A large, genome-wide study in children reveals genetic variants associated with differing levels of antibodies produced as a result of three common childhood vaccinations. Researchers identified two genetic loci associated with the persistence of vaccine-induced immunity following early life vaccinations. The results may help clinicians tailor personalized vaccine schedules to maximize the effectiveness of immunizations.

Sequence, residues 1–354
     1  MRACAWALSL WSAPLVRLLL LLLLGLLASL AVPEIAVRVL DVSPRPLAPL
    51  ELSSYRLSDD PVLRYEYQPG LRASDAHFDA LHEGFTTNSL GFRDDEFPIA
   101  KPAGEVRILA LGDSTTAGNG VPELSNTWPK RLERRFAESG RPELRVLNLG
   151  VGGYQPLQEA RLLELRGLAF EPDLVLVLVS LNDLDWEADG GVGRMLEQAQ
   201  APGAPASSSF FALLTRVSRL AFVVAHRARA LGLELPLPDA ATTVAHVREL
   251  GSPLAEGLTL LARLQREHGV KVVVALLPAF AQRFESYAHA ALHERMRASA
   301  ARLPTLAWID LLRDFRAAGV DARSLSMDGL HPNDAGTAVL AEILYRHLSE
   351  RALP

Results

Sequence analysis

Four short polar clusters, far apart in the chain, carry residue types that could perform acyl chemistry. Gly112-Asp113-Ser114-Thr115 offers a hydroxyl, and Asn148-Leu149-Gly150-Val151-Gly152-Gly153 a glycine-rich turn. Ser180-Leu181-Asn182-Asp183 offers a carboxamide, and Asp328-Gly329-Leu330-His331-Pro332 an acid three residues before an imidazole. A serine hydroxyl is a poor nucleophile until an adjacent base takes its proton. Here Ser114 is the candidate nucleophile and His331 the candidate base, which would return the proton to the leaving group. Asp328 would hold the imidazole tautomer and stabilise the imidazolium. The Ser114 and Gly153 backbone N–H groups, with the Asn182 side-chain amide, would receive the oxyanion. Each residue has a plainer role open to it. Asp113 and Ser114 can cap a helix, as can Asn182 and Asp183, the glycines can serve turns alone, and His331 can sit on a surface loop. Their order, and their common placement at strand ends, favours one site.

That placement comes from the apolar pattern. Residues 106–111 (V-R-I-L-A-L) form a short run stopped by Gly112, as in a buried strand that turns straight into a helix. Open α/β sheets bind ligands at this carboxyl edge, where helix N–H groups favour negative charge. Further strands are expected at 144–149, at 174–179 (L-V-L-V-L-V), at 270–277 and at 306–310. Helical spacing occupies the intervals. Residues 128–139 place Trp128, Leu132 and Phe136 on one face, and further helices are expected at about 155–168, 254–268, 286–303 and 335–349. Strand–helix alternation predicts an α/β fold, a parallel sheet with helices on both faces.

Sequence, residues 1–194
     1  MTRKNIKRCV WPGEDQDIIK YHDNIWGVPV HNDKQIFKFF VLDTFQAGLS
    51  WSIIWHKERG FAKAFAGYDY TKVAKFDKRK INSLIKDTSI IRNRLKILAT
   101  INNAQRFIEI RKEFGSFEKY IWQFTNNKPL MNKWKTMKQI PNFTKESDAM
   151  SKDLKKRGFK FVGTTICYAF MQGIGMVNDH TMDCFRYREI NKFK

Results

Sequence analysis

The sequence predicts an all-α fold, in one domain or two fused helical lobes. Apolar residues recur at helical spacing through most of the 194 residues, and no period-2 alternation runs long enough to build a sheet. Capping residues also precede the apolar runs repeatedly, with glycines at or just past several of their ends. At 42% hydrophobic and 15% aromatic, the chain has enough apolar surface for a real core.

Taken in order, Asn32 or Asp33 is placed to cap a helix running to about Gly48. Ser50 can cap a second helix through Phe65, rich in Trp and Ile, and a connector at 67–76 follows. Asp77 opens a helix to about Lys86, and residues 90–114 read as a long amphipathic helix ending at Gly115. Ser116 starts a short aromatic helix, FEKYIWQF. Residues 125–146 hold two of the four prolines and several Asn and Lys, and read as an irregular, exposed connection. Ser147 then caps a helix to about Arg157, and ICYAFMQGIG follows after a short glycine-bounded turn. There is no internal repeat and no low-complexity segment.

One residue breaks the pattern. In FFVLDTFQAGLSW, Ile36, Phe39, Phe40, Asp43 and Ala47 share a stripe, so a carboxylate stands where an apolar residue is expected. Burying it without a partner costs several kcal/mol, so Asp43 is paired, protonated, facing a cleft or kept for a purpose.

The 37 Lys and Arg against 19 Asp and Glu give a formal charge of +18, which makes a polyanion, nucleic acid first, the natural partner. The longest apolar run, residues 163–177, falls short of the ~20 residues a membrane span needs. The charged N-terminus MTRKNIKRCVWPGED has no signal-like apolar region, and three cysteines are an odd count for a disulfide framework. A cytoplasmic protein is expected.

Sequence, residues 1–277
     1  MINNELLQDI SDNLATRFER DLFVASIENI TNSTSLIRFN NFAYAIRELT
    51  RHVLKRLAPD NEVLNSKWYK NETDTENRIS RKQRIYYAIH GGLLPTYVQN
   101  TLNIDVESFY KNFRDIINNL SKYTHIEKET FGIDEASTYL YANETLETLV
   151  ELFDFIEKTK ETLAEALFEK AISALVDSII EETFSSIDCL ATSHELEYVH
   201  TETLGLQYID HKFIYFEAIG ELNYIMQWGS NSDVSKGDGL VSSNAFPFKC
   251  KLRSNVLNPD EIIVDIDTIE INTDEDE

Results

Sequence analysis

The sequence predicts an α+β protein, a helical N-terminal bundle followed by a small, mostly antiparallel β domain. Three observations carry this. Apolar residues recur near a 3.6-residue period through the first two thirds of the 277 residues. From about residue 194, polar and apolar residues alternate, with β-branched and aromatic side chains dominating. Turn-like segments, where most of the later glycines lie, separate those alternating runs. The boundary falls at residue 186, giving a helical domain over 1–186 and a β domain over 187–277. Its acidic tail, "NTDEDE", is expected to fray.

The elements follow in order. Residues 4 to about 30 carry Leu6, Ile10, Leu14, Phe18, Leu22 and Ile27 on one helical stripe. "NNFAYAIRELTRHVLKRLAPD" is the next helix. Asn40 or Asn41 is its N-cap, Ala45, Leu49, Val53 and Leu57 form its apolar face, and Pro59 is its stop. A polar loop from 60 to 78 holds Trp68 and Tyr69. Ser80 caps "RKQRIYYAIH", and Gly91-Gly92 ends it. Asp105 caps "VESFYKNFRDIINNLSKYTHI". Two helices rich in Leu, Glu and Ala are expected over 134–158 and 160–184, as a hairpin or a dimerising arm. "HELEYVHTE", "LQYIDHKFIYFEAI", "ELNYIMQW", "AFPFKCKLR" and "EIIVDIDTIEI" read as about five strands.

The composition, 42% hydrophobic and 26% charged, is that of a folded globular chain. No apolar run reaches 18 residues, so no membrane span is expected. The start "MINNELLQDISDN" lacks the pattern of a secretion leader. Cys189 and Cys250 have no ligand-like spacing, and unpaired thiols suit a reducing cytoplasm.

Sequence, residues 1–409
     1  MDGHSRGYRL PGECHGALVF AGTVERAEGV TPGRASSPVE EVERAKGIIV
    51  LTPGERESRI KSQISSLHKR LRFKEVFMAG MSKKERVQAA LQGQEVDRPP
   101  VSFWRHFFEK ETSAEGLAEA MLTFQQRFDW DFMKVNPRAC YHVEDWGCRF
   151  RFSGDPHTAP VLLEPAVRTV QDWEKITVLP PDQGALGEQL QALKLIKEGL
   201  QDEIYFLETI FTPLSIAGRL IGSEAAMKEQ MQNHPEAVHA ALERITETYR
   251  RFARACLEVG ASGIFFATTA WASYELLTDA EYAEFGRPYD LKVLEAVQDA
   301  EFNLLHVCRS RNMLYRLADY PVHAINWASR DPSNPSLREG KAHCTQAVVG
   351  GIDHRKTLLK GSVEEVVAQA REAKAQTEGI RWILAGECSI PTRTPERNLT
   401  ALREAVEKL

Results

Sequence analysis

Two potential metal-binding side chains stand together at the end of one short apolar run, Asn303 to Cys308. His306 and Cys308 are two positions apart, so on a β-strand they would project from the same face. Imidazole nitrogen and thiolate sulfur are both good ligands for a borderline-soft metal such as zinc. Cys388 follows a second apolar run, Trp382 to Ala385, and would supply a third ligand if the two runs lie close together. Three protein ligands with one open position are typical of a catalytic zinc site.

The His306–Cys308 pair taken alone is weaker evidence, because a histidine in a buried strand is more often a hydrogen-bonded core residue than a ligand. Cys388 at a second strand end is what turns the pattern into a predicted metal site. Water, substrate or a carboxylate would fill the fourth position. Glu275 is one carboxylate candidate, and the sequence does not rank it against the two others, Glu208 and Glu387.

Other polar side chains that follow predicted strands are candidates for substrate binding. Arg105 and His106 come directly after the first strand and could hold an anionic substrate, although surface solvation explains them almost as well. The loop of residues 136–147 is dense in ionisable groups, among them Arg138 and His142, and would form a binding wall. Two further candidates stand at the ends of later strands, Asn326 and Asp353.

Immunization with the vaccines for pneumococcal conjugate and rotavirus reduces the rates of acute respiratory infections and gastrointestinal infections in small children, thus reducing the need for antibiotic medications. Researchers say if universal childhood vaccination is achieved, an additional 40 million cases of antibiotic-treated illnesses could be prevented each year.